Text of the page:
I am an all-or-nothing kind of guy. When I like a movie, it is the greatest movie in the world and everyone gets to hear about it. When I change my diet, I go all the way to vegan. When I blog, I post daily and begin to get chills if I miss a day.

This is a problem for a blog. Putting up 600 words every day is a burden for most readers and a pressure for any writer. For the most part, it is a pressure I find manageable and even enjoyable. The reality of writing is that, when you write, you write. When you stop writing, you do not write. Except for a few exceptions, most writers are not carried along by an irresistible flow of creative energy. Writing is created out of the daily discipline of regular writing.

When I am writing my blog, ideas for blog posts seem to appear every day, sometimes more than one. The flow of creative energy depends upon the discipline of showing up regularly.

However, constant output, eventually produces a diminishing return. In order for creative energy to be sustained, it must be nourished by inflow. A writer needs to read. A writer also needs to relax and have times when the mind is allowed to wander and to lie fallow.

All of this is a way of letting readers of “In A Spacious Place” know that starting today, “In A Spacious Place” will be taking a bit of a holiday. I hope that occasionally posts will appear in this space from Ernest Morrow. But, as he is far less obsessive compulsive than the usual IASP author, I do not anticipate that daily posting will be Ernest’s pattern for the coming month.

To suggest leaving “In A Spacious Place” alone for a month feels a little scary. I have loved seeing the interactions that take place in this space. I have been heartened to turn on my little notebook computer in the morning and discover that someone has been stimulated to comment on something I have written or to reply to someone else’s comment. There have been times when the comments in this space have been utterly beautiful. There are presently 2,010 comments on “In A Spacious Place.”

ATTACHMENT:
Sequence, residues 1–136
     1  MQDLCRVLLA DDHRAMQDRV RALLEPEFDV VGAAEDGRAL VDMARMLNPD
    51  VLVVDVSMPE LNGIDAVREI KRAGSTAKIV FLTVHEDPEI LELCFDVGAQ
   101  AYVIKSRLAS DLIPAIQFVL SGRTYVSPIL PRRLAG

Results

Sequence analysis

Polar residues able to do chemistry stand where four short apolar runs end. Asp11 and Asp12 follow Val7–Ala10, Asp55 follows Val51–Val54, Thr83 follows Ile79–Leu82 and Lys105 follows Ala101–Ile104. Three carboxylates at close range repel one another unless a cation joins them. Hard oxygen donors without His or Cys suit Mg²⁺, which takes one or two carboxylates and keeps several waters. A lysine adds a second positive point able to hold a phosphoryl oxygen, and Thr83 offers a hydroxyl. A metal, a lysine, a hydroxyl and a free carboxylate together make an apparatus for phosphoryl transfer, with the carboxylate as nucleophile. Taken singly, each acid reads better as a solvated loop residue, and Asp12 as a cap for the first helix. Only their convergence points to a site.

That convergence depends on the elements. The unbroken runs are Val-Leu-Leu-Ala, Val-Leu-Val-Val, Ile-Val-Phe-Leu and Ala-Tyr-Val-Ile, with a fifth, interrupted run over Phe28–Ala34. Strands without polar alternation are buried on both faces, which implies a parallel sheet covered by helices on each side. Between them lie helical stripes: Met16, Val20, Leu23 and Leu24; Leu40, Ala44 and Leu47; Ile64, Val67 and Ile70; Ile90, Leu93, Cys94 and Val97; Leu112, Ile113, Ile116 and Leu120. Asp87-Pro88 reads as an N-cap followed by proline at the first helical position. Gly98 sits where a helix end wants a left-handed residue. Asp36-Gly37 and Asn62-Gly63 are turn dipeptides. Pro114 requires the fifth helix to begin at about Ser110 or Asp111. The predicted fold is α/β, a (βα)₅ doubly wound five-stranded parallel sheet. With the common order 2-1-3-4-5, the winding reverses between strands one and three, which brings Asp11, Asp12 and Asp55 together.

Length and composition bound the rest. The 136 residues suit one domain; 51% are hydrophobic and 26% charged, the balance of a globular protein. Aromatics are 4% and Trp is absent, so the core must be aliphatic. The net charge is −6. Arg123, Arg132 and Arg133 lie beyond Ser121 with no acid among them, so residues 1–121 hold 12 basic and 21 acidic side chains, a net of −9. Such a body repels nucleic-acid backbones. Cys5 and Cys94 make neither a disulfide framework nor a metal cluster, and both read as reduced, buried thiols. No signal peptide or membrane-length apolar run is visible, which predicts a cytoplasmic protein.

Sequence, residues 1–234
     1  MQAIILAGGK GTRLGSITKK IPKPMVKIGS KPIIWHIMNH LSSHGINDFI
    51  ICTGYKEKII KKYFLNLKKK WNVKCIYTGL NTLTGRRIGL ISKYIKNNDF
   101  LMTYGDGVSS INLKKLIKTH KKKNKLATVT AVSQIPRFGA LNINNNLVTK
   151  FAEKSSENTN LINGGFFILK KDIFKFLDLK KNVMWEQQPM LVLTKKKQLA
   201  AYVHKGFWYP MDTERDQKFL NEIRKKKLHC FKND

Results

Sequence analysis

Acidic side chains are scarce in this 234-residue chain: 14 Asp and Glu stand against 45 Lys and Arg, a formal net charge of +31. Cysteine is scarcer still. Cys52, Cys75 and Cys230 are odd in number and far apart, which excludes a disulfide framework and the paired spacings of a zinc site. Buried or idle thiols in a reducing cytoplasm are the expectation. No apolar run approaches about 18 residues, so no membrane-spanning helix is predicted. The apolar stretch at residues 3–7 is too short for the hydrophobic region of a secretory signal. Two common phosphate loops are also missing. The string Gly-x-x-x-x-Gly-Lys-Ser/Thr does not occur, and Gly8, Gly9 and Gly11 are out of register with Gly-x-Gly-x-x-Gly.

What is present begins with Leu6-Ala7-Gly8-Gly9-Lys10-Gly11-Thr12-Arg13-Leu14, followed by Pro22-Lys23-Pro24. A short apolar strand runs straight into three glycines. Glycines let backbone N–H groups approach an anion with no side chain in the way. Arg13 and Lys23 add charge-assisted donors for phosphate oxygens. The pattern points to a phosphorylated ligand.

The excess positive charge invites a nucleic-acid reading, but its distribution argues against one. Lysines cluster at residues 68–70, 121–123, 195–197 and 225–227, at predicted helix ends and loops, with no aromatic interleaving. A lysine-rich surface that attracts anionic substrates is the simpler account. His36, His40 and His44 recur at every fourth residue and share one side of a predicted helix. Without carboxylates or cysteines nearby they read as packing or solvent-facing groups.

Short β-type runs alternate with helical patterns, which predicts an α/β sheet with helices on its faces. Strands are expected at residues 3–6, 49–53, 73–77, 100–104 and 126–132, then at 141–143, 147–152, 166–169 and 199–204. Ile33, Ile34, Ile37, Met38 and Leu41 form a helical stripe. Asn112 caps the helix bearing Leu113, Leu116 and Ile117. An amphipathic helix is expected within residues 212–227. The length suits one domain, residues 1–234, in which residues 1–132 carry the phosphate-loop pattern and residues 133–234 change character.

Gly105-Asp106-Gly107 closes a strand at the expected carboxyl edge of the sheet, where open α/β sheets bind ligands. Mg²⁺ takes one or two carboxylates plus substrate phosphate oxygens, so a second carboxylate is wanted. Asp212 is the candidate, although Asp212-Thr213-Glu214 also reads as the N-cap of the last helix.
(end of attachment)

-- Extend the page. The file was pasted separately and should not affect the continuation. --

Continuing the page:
As I take a break from daily posting, I encourage you to explore the posts on “In A Spacious Place” that you may have missed. There are presently 404 posts to peruse on this blog.

If you look on the lefthand sidebar, you will see a drop down menu called “Select A Category.” You can click on this menu and find blog posts categorized according to themes. If you click on “Terrence Malick”, you will discover there are 24 posts in that category. I am sure Mr. Malick would be gratified to know that he has just equaled my output on “Holocaust”. But both are still trailing “Struggle”. What does the presence of 26 posts on “Struggle” say about this blogger?

You can also scroll down on the home page and find the titles of recent posts listed on the left. At the bottom of the list you can click on “Previous Posts” where you will find access to older posts. My first post in this space was put up on Maundy Thursday April 2, 2010.

Blogs that “work” are amazing things. Interactions can occur that would never normally have taken place. Distance is no obstacle. People on “In A Spacious Place” have communicated regularly with each other across North America. These connections are real. They offer an opportunity for people to explore their ideas and to listen respectfully to different viewpoints.

I cannot think of many endeavours that could be more worthwhile than offering a chance for conversation between people who would not normally meet. It is my hope that, as communication takes place in this space, we may feel drawn to encounter the reality of other people and move beyond putting anyone in categories or viewing them as objects.

In the deeply interconnected world in which we presently live, it is crucial that we approach one another with deep respect. We must learn to honour our differences and listen deeply and carefully to the variety of ways we each view the world.

In the fall, when I resume regular posting, I hope the conversation will continue and we will be able to find delight in the wonder of diversity that is our common humanity.